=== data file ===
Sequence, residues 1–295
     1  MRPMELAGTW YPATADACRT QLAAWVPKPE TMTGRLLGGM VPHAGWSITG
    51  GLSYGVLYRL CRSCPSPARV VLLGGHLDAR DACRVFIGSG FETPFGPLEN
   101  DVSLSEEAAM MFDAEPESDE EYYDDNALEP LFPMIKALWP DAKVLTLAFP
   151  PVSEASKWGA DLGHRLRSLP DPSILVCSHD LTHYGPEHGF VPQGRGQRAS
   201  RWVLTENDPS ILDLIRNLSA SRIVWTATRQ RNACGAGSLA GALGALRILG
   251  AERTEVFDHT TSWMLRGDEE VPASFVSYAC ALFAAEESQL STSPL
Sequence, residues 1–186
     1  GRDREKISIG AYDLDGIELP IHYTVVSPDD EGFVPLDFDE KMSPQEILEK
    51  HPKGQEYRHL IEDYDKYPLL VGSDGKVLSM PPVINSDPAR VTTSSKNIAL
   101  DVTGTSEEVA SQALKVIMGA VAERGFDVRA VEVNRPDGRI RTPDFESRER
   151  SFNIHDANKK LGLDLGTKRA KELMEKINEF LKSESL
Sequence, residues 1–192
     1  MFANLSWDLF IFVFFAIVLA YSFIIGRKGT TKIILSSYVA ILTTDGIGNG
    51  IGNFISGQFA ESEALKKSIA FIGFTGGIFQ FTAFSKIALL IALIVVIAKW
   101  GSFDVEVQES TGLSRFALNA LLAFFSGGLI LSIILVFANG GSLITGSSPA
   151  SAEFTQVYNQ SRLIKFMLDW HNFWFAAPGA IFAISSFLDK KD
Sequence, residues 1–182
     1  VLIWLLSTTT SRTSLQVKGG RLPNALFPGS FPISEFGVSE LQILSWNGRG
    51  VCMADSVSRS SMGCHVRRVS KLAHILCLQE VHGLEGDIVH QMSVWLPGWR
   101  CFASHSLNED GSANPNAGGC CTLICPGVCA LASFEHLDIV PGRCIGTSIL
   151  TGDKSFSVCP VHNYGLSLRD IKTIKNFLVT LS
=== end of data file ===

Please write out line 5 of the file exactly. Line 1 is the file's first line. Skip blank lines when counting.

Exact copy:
   151  PVSEASKWGA DLGHRLRSLP DPSILVCSHD LTHYGPEHGF VPQGRGQRAS